Second, Warner Bros. and Joker are the wrong focus of attention, which further compromises the group’s goal. Despite their claim that “we support your right to free speech and free expression,” launching this campaign around a movie — especially one like this that strives to be more artistic than exploitative — can have a chilling effect on free expression. Especially when one of the writers of the letter described the film as a "slap in the face”: "My worry is that one person who may be out there — and who knows if it is just one — who is on the edge, who is wanting to be a mass shooter, may be encouraged by this movie. And that terrifies me.” Her emotion is understandable, but her reasoning is not. And since she is using her reasoning to persuade the rest of us, it needs to be examined.

Though movies (Taxi Driver for John Hinckley Jr., would-be assassin of Ronald Reagan), books (The Catcher in the Rye for Mark David Chapman, John Lennon’s murderer) and songs (“Helter Skelter” for Tate-LaBianca murders mastermind Charles Manson) may articulate specific criminals acts, they don’t inspire the person’s desire for violence. Science has proven that in numerous studies. It’s tempting to blame movies, video games and rap music because they often express humanity’s worst impulses, but impulses are not actions for most of us. And for the mentally ill seeking violence, anything can set them off. Alek Minassian, the self-described incel (involuntary celibate) who deliberately drove his van into a crowd in Toronto in 2018, killing 10 people, said he was motivated by his resentment toward women for having sexually rejected him in favor of giving “their love and affection to obnoxious brutes.” Should we then demand that studios producing romantic comedies and publishers of romance novels be shamed into contributing to anti-incel causes? The 2017 Las Vegas shooter killed 59 and injured 851 during a country music festival. Should country music bear some responsibility?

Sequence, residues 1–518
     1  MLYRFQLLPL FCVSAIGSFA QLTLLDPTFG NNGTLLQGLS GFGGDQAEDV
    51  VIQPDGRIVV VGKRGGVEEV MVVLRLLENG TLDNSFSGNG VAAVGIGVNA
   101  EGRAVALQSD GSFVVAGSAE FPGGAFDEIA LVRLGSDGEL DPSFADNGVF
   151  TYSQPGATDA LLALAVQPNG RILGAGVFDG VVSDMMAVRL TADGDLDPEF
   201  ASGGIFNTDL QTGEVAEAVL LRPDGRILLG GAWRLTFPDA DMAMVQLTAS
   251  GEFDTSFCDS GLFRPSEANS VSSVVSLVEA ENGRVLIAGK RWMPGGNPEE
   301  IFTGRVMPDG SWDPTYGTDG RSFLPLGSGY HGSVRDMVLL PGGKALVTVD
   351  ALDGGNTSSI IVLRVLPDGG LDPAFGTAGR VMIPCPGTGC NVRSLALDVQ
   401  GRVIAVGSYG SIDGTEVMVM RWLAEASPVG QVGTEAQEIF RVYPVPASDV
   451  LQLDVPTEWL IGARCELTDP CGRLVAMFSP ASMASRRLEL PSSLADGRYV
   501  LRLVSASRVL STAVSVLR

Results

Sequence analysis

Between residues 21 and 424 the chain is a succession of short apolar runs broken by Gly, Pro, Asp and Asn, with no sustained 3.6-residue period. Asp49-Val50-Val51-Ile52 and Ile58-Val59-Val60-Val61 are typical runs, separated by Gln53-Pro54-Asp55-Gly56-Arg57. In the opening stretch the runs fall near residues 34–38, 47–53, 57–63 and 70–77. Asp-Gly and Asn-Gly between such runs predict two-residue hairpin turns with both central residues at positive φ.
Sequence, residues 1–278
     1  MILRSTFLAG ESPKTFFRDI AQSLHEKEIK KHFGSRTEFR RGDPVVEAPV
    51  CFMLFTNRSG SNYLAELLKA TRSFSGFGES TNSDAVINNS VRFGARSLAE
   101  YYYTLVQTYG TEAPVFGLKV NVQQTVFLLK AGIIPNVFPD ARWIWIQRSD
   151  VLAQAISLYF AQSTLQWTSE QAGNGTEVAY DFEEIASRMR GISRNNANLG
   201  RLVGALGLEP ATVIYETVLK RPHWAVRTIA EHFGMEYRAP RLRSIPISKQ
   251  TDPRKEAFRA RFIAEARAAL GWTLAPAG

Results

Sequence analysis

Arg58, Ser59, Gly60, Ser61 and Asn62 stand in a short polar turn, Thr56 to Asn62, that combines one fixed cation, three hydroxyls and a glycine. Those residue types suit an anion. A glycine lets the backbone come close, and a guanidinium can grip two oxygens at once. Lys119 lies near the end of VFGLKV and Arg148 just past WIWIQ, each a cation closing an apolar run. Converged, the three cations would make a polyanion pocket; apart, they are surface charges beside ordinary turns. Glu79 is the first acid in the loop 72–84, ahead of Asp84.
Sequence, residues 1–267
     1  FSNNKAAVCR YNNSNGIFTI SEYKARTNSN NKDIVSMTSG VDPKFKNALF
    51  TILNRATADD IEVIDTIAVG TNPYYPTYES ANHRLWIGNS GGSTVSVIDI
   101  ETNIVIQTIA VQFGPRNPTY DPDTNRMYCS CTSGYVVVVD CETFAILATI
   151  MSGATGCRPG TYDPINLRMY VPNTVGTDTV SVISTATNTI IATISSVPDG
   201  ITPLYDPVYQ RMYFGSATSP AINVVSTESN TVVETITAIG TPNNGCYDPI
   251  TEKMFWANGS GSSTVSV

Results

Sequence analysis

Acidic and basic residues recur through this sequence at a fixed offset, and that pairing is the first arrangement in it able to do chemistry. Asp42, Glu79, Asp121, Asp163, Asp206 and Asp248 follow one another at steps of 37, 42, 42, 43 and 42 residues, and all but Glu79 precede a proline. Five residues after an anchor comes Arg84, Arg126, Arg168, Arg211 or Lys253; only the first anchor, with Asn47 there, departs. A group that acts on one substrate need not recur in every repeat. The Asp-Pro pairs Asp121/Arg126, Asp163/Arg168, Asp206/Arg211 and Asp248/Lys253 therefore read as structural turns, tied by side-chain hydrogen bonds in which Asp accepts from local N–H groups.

I stand with Survivors Empowered and other organizations fighting for gun reform. And I’ve been a strong supporter of controversial activist strategies over the past 50 years. But we need to be effective so that we change the country for the better without curtailing the legitimate rights of others. As I have learned the hard way, social change is exceedingly slow and cautious, and moves at all only because we continually prod it to do so. We all seek peace, but as W.B. Yeats wrote, "Peace comes dropping slow."

Kareem Abdul-Jabbar is an NBA Hall of Famer and contributing editor at The Hollywood Reporter.

A version of this story appears in the Oct. 9 issue of The Hollywood Reporter magazine. To receive the magazine, click here to subscribe.